Van Zant was married twice. His first marriage was to Nadine Inscoe and during this marriage Ronnie's first daughter Tammy Van Zant was born. During his second marriage to Judy, Melody Van Zant (his second daughter) was born. =>>>>>>>>>>>

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Charlotte Dillon @ All Music
Sometimes when history is being made, the world tunes in with wide-eyed anticipation. Other times, it just kind of happens when no one is looking. That's how it was with Ronnie VanZant and a group of young guys he pulled together in the '60s who came to be known as Lynyrd Skynyrd.

VanZant was born on January 15, 1948, in Jacksonville, FL, and was raised on the rough Westside of the city where money was often scarce and street fights were the norm instead of the exception. His father, Lacey -- don't let the name fool you -- was a truck driver who had spent time working as a prizefighter when he was younger. He made sure his boys could fight well enough to hold their own. Ronnie VanZant was a great baseball player and dreamed of going pro one day, but it seemed his main love was music. He would travel with his father sometimes, listening to the truck radio the whole way. Fortunately, there was a piano and a guitar in the young VanZant's home that he could practice on. Many artists influenced him during those early years, one of them being country singer Merle Haggard. There would be other noteworthy influences later, like the Rolling Stones and Free.

When VanZant was 16, he became the lead singer for a group called Us. Things didn't work out as well as he had hoped, so he put together a band of his own, My Backyard, with Bob Burns, Gary Rossington, Allen Collins, and Larry Junstrom. The guys, some as young as 13, practiced every second that was possible. After a while there was a name change to the Noble Five and the group began landing gigs at local dances, the pay usually being gas money and drinks. The band gained a lot of notice right away -- all from neighbors who couldn't stand the noise.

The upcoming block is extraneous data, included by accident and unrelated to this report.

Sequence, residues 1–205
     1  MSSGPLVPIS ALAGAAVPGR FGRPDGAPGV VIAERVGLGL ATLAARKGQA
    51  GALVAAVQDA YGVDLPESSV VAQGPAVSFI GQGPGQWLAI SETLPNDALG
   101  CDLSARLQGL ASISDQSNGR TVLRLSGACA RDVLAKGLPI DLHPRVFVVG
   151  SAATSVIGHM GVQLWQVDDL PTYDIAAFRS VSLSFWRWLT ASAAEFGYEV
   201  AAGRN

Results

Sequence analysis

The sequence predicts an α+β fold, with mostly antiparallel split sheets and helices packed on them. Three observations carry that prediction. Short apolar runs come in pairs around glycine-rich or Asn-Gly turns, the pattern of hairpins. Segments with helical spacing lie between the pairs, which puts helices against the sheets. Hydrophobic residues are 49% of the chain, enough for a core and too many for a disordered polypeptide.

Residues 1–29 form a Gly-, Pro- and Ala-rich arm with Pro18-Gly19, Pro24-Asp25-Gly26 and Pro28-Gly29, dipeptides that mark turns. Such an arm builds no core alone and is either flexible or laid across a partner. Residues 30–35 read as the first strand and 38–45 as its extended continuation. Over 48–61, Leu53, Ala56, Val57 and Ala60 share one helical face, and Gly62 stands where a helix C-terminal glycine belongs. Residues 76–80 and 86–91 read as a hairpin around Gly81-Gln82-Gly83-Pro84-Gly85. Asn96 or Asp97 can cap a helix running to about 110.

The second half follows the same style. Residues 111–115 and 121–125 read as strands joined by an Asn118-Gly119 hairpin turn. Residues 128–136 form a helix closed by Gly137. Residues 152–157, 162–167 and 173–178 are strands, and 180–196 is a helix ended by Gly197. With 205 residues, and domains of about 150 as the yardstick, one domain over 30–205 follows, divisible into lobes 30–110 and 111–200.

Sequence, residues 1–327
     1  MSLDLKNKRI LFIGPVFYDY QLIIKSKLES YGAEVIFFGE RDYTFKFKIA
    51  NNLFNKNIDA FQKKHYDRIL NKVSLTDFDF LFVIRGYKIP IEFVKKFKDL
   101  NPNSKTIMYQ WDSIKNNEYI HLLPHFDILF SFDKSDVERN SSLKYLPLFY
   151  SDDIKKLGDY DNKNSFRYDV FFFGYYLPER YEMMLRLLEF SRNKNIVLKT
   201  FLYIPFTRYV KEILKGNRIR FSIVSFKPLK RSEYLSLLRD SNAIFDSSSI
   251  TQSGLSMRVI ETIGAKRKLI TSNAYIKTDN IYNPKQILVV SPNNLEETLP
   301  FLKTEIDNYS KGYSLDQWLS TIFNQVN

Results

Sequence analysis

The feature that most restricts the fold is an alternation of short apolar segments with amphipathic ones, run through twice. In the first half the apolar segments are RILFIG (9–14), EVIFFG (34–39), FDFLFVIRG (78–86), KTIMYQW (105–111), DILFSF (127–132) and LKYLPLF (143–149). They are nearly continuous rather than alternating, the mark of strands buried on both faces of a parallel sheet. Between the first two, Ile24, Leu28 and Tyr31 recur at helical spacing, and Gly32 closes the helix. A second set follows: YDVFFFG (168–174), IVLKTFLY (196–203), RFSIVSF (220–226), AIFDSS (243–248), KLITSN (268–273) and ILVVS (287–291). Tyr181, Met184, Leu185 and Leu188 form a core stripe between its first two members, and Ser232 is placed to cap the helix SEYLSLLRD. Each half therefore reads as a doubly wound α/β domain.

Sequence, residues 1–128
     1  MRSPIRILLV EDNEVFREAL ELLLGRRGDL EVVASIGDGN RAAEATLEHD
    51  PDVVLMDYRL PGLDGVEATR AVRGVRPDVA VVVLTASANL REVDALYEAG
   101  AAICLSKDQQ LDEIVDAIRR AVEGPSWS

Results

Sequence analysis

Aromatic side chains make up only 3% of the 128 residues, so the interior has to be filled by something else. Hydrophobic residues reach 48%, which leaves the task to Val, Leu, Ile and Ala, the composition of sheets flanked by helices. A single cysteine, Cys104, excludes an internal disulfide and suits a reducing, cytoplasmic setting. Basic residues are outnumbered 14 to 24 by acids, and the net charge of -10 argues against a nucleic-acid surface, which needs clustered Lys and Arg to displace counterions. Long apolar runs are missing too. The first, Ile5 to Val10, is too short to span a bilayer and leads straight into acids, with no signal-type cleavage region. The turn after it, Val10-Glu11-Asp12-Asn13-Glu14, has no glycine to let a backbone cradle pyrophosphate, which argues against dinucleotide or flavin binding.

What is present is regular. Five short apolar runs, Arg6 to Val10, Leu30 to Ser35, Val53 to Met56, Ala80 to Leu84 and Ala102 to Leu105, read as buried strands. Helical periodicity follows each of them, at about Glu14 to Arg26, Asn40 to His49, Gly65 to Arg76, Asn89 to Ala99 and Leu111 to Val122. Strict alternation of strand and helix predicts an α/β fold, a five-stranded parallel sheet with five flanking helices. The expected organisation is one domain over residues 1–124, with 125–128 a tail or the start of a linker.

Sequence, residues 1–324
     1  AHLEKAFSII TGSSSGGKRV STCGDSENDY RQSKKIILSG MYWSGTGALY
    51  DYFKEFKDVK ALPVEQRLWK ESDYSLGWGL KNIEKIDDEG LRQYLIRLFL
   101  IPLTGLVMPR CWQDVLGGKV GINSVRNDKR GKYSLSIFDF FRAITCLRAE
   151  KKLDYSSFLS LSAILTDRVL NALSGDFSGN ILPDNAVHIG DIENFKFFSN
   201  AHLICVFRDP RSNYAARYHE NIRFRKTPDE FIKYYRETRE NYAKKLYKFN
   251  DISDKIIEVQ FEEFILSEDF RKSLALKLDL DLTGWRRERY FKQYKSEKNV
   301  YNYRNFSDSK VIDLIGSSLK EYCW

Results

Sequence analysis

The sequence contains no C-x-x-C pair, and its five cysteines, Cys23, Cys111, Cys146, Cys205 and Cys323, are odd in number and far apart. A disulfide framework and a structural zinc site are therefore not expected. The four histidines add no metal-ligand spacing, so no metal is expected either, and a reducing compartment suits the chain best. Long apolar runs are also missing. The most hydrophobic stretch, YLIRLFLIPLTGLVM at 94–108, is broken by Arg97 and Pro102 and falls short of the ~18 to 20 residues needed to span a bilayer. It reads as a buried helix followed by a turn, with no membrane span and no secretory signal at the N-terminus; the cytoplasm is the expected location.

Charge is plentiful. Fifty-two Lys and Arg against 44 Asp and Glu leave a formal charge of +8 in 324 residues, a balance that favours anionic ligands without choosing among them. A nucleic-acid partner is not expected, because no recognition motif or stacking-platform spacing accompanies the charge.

The neighbors were given a break when the Noble Five found an empty house out of town on a huge farm. The guys nicked named the little place Hell House. It was small and hot and old, but it was isolated and they could play as loud and as long as they wanted. All of the practice paid off. Working under different names, like One Percent and Conqueror Worm, the fivesome performed in clubs. It was through their tongue-in-cheek name game that the band used Lynyrd Skynyrd for the first time. The name stuck.

By 1970, Lynyrd Skynyrd had recorded a demo and was even offered a contract by the Capricorn Records label. VanZant turned it down. For the next three years the band performed at bars, traveling hours from gig to gig. The group's sound matured along the way, the equipment improved, and the guys became masters at achieving the album rock and Southern rock sound and rhythm they wanted.

In 1973 Skynyrd was offered another record deal, this time from MCA. The guys signed, and VanZant was on his way into rock history.

The band toured worldwide over the next four years, and recorded albums that went gold and platinum. The little boy, who had once dreamed of going pro in baseball, had hit a home run with his music. But fate threw a terrible curve ball to VanZant and Lynyrd Skynyrd fans. In 1977, the tour plane the group was traveling in crashed. Lead singer Ronnie VanZant, only 29 at the time, was killed in the crash, along with guitarist Steve Gaines, his sister Cassie Gaines, and the group's road manager Dean Kilpatrick. =>>>>>>>>>>>